What a fascinating guy! I knew about Rastafarians, but never understood much about what it meant. This was so intriguing. You have interesting people all around you! Oh, I know we all do, but yours are so very different from mine. It makes for some great reading and learning. Thanks, Samantha! :D

    • Posted October 28, 2011 at 4:40 pm | Permalink

      Same here, Paula! I’m so glad I could shed light for you too! Haha! I know what you mean! I’ve been meeting the most amazing people here and I just have to share their stories! =)

  9. Posted October 29, 2011 at 4:37 pm | Permalink

    What an interesting post Sam! I have to admit that I didn’t know about Rastafarians, so thanks for enlightening me!
    I have come to the conclusion that it is i;portent to be passionate about something, and what I like about Alan is that he lives for his passion. You can’t go wrong with such an attitude!

    • Posted November 3, 2011 at 6:28 pm | Permalink

      You’re so welcome, Muriel! It was certainly a learning experience for me too! =)

      I love that we’re all now more in line with our passions. =)

  10. Posted November 1, 2011 at 7:59 pm | Permalink

    Samantha, I can see why you would write about Alan and his Rastafarian music and beliefs. Sounds like Rastafarianism is a mixture of Old Testament and early Christian, African, Caribbean beliefs with (in this case) some Latino influence. People like Alan add color and interest to our lives and it’s a pity that they should be criticized or ostracized for what they believe in or look like. The important thing about Alan is not his beliefs or appearance, but what he is trying to achieve with his music and Black Family R7. The best of luck to him/his group.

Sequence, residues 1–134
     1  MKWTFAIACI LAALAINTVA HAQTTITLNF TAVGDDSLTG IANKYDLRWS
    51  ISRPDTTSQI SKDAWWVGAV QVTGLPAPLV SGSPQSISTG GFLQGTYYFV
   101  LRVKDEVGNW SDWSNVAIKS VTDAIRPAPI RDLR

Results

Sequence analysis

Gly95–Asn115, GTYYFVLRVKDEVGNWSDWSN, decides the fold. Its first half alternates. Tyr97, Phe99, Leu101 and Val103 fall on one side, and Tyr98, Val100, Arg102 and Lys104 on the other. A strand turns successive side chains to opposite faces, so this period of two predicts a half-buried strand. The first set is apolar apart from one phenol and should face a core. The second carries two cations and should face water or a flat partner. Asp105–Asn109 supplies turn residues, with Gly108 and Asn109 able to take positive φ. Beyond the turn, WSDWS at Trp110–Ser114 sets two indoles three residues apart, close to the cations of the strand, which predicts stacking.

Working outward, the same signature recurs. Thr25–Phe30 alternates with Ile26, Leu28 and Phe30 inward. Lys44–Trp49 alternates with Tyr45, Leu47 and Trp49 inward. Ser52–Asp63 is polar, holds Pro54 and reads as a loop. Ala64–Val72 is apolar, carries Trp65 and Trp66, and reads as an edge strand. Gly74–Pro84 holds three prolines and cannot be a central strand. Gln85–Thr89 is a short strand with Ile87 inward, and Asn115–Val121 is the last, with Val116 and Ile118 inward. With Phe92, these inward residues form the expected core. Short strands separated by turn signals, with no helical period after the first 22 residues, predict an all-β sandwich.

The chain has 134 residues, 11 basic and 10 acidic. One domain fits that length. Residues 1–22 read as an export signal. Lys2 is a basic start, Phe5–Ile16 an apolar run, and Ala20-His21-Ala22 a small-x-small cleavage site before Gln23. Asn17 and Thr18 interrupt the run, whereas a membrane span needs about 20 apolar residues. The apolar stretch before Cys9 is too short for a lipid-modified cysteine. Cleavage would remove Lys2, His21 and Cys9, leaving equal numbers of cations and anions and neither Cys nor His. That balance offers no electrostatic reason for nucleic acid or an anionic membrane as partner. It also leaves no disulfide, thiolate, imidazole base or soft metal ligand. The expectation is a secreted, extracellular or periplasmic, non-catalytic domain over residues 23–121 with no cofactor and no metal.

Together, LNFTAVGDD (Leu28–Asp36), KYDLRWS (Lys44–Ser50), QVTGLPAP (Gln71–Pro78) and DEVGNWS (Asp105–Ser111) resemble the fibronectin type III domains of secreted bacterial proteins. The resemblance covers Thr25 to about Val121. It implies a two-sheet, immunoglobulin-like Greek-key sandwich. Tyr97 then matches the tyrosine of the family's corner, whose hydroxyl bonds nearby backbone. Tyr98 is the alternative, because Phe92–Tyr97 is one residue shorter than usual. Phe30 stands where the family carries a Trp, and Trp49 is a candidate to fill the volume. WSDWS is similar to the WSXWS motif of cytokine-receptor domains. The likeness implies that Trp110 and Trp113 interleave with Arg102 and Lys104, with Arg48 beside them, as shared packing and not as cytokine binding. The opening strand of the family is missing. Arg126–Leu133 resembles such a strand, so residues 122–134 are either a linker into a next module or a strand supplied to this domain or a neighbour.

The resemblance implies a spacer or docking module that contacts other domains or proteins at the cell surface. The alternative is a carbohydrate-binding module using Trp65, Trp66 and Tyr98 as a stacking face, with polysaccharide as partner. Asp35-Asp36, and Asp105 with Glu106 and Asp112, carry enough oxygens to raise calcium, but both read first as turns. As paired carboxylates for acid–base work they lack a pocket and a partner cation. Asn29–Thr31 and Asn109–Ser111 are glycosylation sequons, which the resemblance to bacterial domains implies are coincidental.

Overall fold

• Posted November 3, 2011 at 7:21 pm | Permalink

      Yeah! I was surprised about all the possible influences to Rastafarianism and about how much it was actually a religion in terms of traditions, beliefs, and rituals. As Janine reminds us, I love the “beauty of our differences.” =)

  11. Abe
    Posted November 4, 2011 at 5:44 pm | Permalink

    It is all a matter of Balance. Balance between our home, carreer and sprituality create a huge effect on our carreer. But I am certain that our carreers are effected in a more possitive way if we as individuals practice our spiritual beliefs, not just say we believe. In doing so we learn tolorance, compassion, open mindedness and respect for others. Humblings us in a way the we place ourselves on an equale plane with everyone we come in contact with. These four charicter when excersised within the work place can serve as a bridge of trust between you and your co-workers or subordanents. Excersising your spirituality of who you are will become a moral building tool for all the people you may have influence over.
    Great Post Samantha!!!!

    • Posted November 5, 2011 at 12:20 am | Permalink

      I love how you lay out those four characteristics, Abe! Those qualities mean a lot to me too and I imagine they’re exactly what underlie positive community/society building. I also wholeheartedly agree that spirituality plays a much stronger role in our lives and careers than many may think. It’s truly about living as we believe and not just saying it!